Matthias Orlikowski


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Just Collect, Don’t Filter: Noisy Labels Do Not Improve Counterspeech Collection for Languages Without Annotated Resources
Pauline Möhle | Matthias Orlikowski | Philipp Cimiano
Proceedings of the 1st Workshop on CounterSpeech for Online Abuse (CS4OA)

Counterspeech on social media is rare. Consequently, it is difficult to collect naturally occurring examples, in particular for languages without annotated datasets. In this work, we study methods to increase the relevance of social media samples for counterspeech annotation when we lack annotated resources. We use the example of sourcing German data for counterspeech annotations from Twitter. We monitor tweets from German politicians and activists to collect replies. To select relevant replies we a) find replies that match German abusive keywords or b) label replies for counterspeech using a multilingual classifier fine-tuned on English data. For both approaches and a baseline setting, we annotate a random sample and use bootstrap sampling to estimate the amount of counterspeech. We find that neither the multilingual model nor the keyword approach achieve significantly higher counts of true counterspeech than the baseline. Thus, keyword lists or multi-lingual classifiers are likely not worth the added complexity beyond purposive data collection: Already without additional filtering, we gather a meaningful sample with 7,4% true counterspeech.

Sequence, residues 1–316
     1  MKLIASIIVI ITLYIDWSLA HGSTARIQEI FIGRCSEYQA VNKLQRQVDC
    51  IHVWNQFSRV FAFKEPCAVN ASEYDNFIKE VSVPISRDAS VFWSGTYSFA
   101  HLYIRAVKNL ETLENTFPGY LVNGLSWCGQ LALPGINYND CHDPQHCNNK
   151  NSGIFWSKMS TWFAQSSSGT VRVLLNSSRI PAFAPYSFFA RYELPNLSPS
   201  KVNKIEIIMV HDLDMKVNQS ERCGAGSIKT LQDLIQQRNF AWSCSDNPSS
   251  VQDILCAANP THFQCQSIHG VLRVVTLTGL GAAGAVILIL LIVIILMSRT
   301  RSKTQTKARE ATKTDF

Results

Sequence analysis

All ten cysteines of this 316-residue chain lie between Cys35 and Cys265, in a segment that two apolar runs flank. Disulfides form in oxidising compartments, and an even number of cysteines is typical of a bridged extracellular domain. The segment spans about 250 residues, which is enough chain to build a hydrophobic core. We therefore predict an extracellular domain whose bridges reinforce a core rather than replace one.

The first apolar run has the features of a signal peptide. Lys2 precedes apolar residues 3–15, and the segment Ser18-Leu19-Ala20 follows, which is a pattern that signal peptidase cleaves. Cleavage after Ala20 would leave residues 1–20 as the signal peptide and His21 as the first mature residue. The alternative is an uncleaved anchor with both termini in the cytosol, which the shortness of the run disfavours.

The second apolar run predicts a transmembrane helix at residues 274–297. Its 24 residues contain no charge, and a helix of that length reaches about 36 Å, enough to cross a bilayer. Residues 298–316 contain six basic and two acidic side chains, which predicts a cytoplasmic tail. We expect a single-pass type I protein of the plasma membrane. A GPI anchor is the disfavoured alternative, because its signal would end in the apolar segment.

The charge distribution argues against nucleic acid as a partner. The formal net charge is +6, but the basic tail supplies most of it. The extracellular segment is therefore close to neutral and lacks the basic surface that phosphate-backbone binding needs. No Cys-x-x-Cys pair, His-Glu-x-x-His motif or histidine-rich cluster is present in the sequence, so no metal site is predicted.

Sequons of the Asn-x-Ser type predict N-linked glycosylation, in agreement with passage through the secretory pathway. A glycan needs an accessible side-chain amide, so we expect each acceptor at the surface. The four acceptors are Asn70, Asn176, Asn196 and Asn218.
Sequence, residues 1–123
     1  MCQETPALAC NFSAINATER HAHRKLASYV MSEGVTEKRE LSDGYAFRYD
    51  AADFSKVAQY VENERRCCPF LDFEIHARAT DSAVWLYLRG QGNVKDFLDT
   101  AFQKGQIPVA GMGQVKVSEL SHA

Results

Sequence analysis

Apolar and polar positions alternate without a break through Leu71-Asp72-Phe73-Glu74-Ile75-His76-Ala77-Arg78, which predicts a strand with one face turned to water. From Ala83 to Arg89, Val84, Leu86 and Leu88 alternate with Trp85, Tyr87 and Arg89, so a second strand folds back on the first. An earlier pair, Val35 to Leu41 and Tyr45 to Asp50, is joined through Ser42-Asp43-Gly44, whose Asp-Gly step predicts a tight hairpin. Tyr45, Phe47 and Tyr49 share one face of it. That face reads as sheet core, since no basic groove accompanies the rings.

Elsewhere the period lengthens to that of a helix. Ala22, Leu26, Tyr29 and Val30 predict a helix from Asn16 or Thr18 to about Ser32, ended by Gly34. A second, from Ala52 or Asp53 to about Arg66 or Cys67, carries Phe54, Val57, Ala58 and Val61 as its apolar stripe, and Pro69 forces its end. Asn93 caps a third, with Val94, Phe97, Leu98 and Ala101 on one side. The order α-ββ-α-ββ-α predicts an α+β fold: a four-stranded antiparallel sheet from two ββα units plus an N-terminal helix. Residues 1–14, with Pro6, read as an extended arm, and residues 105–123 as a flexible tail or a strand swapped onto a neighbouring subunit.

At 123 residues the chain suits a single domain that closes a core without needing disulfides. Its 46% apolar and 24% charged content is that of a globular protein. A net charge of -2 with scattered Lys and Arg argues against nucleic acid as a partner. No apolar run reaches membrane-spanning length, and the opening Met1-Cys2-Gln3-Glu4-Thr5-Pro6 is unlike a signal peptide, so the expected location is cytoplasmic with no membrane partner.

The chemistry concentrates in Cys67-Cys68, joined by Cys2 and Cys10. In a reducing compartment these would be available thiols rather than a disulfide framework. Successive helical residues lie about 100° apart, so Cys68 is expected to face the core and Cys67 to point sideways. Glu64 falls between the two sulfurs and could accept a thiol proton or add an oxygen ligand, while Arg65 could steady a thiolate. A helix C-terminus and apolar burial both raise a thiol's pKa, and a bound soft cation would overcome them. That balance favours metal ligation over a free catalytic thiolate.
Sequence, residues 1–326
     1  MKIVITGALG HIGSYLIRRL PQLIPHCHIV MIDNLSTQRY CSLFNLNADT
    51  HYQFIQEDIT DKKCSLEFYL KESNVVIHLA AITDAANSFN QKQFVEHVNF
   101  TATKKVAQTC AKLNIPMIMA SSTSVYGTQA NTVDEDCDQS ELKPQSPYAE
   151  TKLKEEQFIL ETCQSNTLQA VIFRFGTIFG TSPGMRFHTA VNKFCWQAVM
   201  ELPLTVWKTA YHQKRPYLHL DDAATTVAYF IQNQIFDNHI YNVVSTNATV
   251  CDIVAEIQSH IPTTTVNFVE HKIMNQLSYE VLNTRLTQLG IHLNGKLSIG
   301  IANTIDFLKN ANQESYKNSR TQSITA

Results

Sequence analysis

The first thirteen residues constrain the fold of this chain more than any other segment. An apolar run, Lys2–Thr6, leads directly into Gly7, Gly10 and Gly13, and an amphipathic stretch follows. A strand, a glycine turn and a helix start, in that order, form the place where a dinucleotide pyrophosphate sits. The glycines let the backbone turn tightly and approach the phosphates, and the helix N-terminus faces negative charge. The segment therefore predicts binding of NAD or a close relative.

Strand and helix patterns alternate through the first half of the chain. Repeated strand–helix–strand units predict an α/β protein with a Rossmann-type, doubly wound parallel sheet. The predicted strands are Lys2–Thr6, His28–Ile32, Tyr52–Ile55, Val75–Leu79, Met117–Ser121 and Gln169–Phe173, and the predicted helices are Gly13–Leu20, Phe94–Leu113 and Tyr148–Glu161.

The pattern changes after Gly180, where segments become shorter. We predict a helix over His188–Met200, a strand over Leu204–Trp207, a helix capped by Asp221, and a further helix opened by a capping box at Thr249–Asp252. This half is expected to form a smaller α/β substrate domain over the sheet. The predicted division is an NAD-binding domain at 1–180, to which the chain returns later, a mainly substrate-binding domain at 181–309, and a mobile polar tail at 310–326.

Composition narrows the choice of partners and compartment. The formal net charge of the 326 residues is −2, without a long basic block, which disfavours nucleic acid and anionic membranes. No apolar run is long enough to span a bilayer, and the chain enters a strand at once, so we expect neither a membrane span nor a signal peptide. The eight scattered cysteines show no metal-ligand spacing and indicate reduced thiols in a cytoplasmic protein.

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Architectural Sweet Spots for Modeling Human Label Variation by the Example of Argument Quality: It’s Best to Relate Perspectives!
Philipp Heinisch | Matthias Orlikowski | Julia Romberg | Philipp Cimiano
Proceedings of the 2023 Conference on Empirical Methods in Natural Language Processing